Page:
While plotting change in absolute units allows us to make comparisons within specific datasets, it is not particularly effective for comparing change across datasets with vastly different scales. If we examine the periods of 1990–1994, we can see the population of the United States had much higher than normal growth. What this chart does not effectively communicate, is the rapid growth in Mexico from 1960–1980.
Periodic Percent Change
Visualizing percent change is a great way to evaluate growth between datasets of different units and scales. Of all the charts I made when creating this post, this yielded the most surprising results. Two items particularly jumped out at me:
- None of the previous charts communicated the rapid population growth rate Mexico has experienced. This chart clearly communicates Mexico consistently growing at a faster rate than the United States and Canada.
- Population growth is slowing amongst the three major countries in North America. While this is a bit surprising, a closer look at the previous chart helps explain this. Absolute annual population growth (the numerator) has been relatively flat since 1960; however, the current population (the denominator) continues to increase.
While this type of chart demonstrates change, readers completely lose context of scale. This chart does not communicate how much larger the population of the United States is compared with Canada (the US has roughly 10x the population of Canada). Another drawback to the percent change method is the outlier effect. If the population of a country decreased one year, an increase in population the following year would be overstated.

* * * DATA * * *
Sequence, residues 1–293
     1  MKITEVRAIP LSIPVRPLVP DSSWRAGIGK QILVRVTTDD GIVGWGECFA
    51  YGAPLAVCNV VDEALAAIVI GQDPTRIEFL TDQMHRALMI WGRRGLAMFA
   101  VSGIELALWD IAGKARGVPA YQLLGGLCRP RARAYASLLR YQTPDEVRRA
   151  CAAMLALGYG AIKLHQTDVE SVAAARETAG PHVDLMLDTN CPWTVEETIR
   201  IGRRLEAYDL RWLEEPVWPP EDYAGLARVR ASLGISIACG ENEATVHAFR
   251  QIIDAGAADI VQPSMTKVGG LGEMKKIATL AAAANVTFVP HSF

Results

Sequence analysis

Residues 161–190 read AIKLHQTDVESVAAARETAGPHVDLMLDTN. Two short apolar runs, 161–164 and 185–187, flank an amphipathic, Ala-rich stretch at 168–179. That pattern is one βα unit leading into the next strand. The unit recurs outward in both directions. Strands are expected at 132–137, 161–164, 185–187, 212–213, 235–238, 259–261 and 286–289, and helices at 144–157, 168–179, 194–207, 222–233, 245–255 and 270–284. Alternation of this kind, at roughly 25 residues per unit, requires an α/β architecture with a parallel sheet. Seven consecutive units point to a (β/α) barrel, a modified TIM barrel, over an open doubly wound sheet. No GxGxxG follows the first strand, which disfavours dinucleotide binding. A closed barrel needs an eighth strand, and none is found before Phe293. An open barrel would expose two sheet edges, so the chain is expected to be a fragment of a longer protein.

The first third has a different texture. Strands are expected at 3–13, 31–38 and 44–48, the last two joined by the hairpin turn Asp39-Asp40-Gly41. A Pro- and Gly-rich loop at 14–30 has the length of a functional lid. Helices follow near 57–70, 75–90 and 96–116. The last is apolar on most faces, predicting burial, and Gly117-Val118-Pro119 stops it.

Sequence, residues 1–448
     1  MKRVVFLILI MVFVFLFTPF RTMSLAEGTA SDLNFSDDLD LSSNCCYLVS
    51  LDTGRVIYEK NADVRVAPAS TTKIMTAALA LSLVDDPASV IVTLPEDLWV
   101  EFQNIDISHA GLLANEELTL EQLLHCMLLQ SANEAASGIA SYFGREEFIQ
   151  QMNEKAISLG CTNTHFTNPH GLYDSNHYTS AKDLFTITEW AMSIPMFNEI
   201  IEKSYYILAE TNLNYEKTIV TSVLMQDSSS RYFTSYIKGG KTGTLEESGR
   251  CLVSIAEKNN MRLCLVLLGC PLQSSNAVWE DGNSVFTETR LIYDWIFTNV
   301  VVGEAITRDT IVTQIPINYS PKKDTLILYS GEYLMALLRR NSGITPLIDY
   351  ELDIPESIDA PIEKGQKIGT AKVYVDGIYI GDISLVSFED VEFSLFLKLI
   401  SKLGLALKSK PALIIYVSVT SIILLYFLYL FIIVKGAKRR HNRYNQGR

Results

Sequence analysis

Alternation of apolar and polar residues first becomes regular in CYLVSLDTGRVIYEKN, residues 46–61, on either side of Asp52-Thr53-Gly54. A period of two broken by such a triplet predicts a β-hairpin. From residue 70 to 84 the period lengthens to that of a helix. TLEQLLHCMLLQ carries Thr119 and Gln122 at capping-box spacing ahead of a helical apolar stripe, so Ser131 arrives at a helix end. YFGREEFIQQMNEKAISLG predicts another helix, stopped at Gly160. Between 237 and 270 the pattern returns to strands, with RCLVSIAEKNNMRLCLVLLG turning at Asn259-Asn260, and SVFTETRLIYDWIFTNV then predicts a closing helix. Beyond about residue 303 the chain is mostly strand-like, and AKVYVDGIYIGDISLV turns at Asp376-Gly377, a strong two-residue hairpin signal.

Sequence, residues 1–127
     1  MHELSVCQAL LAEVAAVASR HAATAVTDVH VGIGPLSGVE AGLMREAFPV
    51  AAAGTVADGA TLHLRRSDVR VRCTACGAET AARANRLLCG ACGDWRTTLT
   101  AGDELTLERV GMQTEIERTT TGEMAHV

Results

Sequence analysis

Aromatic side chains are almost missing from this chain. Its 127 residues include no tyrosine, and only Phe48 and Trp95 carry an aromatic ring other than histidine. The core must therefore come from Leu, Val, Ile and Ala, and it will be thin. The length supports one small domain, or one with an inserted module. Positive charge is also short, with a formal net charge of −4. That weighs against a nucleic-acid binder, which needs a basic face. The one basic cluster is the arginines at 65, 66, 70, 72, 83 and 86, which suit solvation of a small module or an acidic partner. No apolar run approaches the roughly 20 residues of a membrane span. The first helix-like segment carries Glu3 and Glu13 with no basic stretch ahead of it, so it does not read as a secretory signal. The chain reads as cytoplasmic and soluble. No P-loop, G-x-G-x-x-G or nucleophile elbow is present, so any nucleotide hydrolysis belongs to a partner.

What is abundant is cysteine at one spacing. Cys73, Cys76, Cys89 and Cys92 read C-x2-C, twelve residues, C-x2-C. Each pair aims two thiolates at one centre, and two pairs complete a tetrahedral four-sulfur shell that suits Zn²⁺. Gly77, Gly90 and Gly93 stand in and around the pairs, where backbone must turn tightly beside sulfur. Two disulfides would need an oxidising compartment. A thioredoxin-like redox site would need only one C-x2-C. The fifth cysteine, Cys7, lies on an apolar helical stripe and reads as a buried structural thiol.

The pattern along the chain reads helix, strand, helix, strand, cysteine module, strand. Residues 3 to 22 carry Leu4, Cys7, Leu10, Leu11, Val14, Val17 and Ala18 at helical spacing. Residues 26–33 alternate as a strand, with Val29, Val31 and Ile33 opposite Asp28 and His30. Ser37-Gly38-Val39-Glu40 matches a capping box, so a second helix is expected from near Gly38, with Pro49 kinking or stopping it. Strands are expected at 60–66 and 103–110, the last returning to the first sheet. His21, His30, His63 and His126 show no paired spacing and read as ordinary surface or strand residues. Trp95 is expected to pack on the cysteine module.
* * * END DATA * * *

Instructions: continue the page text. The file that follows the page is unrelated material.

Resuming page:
Indexing data is my absolute favorite way to compare change across datasets. This chart allows the reader to understand the rate at which change has occurred across datasets from a certain point in time (December 31, 1960). By using this fixed point in time as a reference, we reduce the impact of single outliers. This method not only allows us to not only compare datasets which have different scales, but also those which are measured in different units. It was very surprising to see Mexico’s population has more than tripled since 1960!
While I love index charts, there is no perfect time-series chart. Two specific areas of caution when using an index are:
- It is irresponsible to pick an outlier as the starting point. This misleads your audience, as the change since an outlier rarely relevant.
- Similar to the percent change chart, an audience would be unable to understand the differences in magnitude across datasets.
All of the previously discussed charts can be useful for communicating change across time. That being said, no time-series chart is perfect. As data visualizers, we must accept this and:
- Determine the message we would like to communicate and
- Choose the method which most effectively delivers this message
It is also important to remember that charts are free! There is no need to try to squeeze every bit of information into a single chart. I feel the entire story of North American population growth can be explained using the following three charts: